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I have the following java code:

byte value = 0xfe; //Signed for -2 and unsigned for 254
int result = value & 0xff;

Result is 254 when printed, but I have no idea how this code works. If the &operator is simply bitwise, then why does it not result in a byte and instead an integer? Any help would be appreciated.

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3  
@HovercraftFullOfEels, Your comment doesn't really explain anything by itself. – Pacerier Aug 17 '14 at 16:55
up vote 67 down vote accepted

It sets result to the (unsigned) value resulting from putting the 8 bits of value in the lowest 8 bits of result.

The reason something like this is necessary is that byte is a signed type in Java. If you just wrote:

int result = value;

then result would end up with the value ff ff ff fe instead of 00 00 00 fe. A further subtlety is that the & is defined to operate only on int values, so what happens is:

  1. value is promoted to an int (ff ff ff fe).
  2. 0xff is an int literal (00 00 00 ff).
  3. The & is applied to yield the desired value for result.

(The point is that conversion to int happens before the & operator is applied.)

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Thanks, that was exactly what I needed. – dagronlund Jul 8 '12 at 2:14

From http://www.coderanch.com/t/236675/java-programmer-SCJP/certification/xff

The hex literal 0xFF is an equal int(255). Java represents int as 32 bits. It look like this in binary:

00000000 00000000 00000000 11111111

When you do a bit wise AND with this value(255) on any number, it is going to mask(make ZEROs) all but the lowest 8 bits of the number (will be as-is).

... 01100100 00000101 & ...00000000 11111111 = 00000000 00000101

& is something like % but not really.

And why 0xff? this in ((power of 2) - 1). All ((power of 2) - 1) (e.g 7, 255...) will behave something like % operator.

Then
In binary, 0 is, all zeros, and 255 looks like this:

00000000 00000000 00000000 11111111

And -1 looks like this

11111111 11111111 11111111 11111111

When you do a bitwise AND of 0xFF and any value from 0 to 255, the result is the exact same as the value. And if any value higher than 255 still the result will be within 0-255.

However, if you do:

-1 & 0xFF

you get

00000000 00000000 00000000 11111111, which does NOT equal the original value of -1 (11111111 is 255 in decimal).


Few more bit manipulation: (Not related to the question)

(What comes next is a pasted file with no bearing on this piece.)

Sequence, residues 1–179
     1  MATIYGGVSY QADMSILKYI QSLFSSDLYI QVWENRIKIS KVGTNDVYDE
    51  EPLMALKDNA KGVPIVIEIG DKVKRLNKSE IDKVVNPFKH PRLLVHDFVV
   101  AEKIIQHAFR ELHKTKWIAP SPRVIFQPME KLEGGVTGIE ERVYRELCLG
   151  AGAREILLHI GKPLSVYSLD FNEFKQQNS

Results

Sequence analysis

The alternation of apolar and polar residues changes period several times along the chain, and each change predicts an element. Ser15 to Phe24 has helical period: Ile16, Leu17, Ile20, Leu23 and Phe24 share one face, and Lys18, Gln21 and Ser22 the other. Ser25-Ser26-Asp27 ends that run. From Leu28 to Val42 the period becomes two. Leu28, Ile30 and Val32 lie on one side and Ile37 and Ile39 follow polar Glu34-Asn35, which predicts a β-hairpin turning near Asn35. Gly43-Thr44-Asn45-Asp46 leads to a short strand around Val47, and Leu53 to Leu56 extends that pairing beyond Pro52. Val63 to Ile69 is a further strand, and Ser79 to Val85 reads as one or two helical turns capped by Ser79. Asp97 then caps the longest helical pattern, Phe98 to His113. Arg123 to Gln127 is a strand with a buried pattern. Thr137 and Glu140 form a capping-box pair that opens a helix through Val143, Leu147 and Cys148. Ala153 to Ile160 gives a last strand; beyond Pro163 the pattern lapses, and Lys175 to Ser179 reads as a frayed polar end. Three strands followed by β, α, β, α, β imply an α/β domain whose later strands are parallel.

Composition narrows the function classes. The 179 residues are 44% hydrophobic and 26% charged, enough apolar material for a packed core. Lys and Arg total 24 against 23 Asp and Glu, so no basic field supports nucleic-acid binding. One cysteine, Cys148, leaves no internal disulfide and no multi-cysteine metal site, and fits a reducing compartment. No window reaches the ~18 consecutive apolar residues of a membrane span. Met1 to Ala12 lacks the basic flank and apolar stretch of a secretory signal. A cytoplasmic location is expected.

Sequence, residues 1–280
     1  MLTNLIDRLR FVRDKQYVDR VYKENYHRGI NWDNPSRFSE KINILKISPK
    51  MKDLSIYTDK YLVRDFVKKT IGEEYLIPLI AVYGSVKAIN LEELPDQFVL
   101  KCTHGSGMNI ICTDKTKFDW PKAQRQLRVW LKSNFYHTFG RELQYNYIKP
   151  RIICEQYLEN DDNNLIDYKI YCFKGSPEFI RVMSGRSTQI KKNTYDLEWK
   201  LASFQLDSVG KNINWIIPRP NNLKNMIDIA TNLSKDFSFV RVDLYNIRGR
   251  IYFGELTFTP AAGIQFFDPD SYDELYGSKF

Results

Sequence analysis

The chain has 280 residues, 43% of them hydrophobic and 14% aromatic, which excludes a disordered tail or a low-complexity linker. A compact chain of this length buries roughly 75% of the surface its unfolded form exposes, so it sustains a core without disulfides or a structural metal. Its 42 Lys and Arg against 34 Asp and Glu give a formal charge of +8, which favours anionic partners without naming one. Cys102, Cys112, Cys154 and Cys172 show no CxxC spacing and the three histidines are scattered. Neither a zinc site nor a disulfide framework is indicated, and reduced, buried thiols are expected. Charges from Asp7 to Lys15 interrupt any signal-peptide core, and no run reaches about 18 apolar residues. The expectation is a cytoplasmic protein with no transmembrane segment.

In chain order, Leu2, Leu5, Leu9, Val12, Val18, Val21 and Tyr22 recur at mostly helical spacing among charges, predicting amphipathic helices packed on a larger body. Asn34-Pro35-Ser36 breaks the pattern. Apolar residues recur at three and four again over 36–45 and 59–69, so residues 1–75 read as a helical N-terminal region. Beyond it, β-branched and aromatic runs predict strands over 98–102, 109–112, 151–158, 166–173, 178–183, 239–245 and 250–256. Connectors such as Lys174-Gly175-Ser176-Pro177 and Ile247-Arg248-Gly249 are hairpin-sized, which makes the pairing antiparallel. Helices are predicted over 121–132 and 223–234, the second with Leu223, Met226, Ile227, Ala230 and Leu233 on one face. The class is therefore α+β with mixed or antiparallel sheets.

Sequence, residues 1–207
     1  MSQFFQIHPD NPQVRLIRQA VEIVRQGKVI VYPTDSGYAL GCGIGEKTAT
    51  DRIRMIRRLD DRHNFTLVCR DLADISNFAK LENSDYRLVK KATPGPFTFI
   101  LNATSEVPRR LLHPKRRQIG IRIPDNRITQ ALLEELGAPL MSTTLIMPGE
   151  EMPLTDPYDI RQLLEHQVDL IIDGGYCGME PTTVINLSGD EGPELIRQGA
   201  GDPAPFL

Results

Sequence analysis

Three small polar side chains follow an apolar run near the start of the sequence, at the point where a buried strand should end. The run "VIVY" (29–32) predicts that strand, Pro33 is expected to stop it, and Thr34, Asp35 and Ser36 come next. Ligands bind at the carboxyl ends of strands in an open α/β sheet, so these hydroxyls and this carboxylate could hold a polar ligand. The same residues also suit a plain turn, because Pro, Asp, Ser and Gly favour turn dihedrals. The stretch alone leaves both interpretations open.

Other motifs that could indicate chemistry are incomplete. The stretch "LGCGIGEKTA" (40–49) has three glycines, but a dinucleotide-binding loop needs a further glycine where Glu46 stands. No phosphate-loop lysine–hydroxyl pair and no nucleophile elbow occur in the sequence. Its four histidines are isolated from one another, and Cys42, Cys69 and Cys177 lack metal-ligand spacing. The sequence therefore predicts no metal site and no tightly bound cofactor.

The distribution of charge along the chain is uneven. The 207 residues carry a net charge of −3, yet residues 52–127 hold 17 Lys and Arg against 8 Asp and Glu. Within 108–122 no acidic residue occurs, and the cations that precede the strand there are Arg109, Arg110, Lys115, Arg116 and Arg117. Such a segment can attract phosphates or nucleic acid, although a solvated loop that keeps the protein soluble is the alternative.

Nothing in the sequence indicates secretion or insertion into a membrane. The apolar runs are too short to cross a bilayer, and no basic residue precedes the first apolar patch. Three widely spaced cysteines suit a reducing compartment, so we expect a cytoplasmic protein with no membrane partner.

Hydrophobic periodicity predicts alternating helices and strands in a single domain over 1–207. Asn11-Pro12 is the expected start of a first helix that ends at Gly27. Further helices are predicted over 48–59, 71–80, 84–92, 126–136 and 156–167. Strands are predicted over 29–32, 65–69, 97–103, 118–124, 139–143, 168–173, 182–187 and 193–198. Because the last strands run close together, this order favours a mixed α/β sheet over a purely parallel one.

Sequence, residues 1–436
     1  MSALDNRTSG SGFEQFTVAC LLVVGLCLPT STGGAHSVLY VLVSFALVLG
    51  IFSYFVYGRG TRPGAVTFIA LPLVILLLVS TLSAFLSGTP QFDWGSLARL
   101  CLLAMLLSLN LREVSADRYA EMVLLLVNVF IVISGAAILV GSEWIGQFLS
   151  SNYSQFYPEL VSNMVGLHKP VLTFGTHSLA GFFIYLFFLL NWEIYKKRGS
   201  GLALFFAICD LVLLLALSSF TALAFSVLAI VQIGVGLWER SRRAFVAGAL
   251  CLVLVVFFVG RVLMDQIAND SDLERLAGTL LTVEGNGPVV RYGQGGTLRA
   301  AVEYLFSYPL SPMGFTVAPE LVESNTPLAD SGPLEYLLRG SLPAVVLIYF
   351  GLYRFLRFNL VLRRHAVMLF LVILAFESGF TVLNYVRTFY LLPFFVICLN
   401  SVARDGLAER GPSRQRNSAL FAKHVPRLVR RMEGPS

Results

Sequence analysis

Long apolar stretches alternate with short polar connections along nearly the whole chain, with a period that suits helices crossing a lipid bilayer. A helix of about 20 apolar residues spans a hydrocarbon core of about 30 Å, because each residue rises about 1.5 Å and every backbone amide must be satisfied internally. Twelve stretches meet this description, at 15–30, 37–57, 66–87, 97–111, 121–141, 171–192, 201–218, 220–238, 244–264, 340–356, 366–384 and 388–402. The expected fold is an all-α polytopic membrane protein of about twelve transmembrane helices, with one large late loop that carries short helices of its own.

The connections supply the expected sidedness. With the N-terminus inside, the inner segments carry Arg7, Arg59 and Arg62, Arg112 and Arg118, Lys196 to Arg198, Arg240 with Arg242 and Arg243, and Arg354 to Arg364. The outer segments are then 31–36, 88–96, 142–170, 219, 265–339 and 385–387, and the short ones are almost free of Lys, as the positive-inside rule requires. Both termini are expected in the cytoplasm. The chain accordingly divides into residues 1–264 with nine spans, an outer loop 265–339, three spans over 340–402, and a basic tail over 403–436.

X >> 1 = X/2
X << 1 = 2X

Check any particular bit is set(1) or not (0) then

 int thirdBitTobeChecked =   1 << 2   (...0000100)
 int onWhichThisHasTobeTested = 5     (.......101)

 int isBitSet = onWhichThisHasTobeTested  & thirdBitTobeChecked;
 if(isBitSet > 0) {
  //Third Bit is set to 1 
 } 

Set(1) a particular bit

 int thirdBitTobeSet =   1 << 2    (...0000100)
 int onWhichThisHasTobeSet = 2     (.......010)
 onWhichThisHasTobeSet |= thirdBitTobeSet;

ReSet(0) a particular bit

int thirdBitTobeReSet =   ~(1 << 2)  ; //(...1111011)
int onWhichThisHasTobeReSet = 6      ;//(.....000110)
onWhichThisHasTobeReSet &= thirdBitTobeReSet;

XOR

Just note that if you perform XOR operation twice, will results the same value.

byte toBeEncrypted = 0010 0110
byte salt          = 0100 1011

byte encryptedVal  =  toBeEncrypted ^ salt == 0110 1101
byte decryptedVal  =  encryptedVal  ^ salt == 0010 0110 == toBeEncrypted :)

One more logic with XOR is

if     A (XOR) B == C (salt)
then   C (XOR) B == A
       C (XOR) A == B

The above is useful to swap two variables without temp like below

a = a ^ b; b = a ^ b; a = a ^ b;

OR

a ^= b ^= a ^= b;
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Also have look @ Bit manipulation stackoverflow.com/questions/13422259/… – Kanagavelu Sugumar Feb 17 '15 at 6:46
    

It help to reduce lot of codes. It is occasionally used in RGB values which consist of 8bits.

where 0xff means 24(0's ) and 8(1's) like 00000000 00000000 00000000 11111111

It effectively masks the variable so it leaves only the value in the last 8 bits, and ignores all the rest of the bits

It’s seen most in cases like when trying to transform color values from a special format to standard RGB values (which is 8 bits long).

Great Explanation See here

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In 32 bit format system the hexadecimal value 0xff represents 00000000000000000000000011111111 that is 255(15*16^1+15*16^0) in decimal. and the bitwise & operator masks the same 8 right most bits as in first operand.

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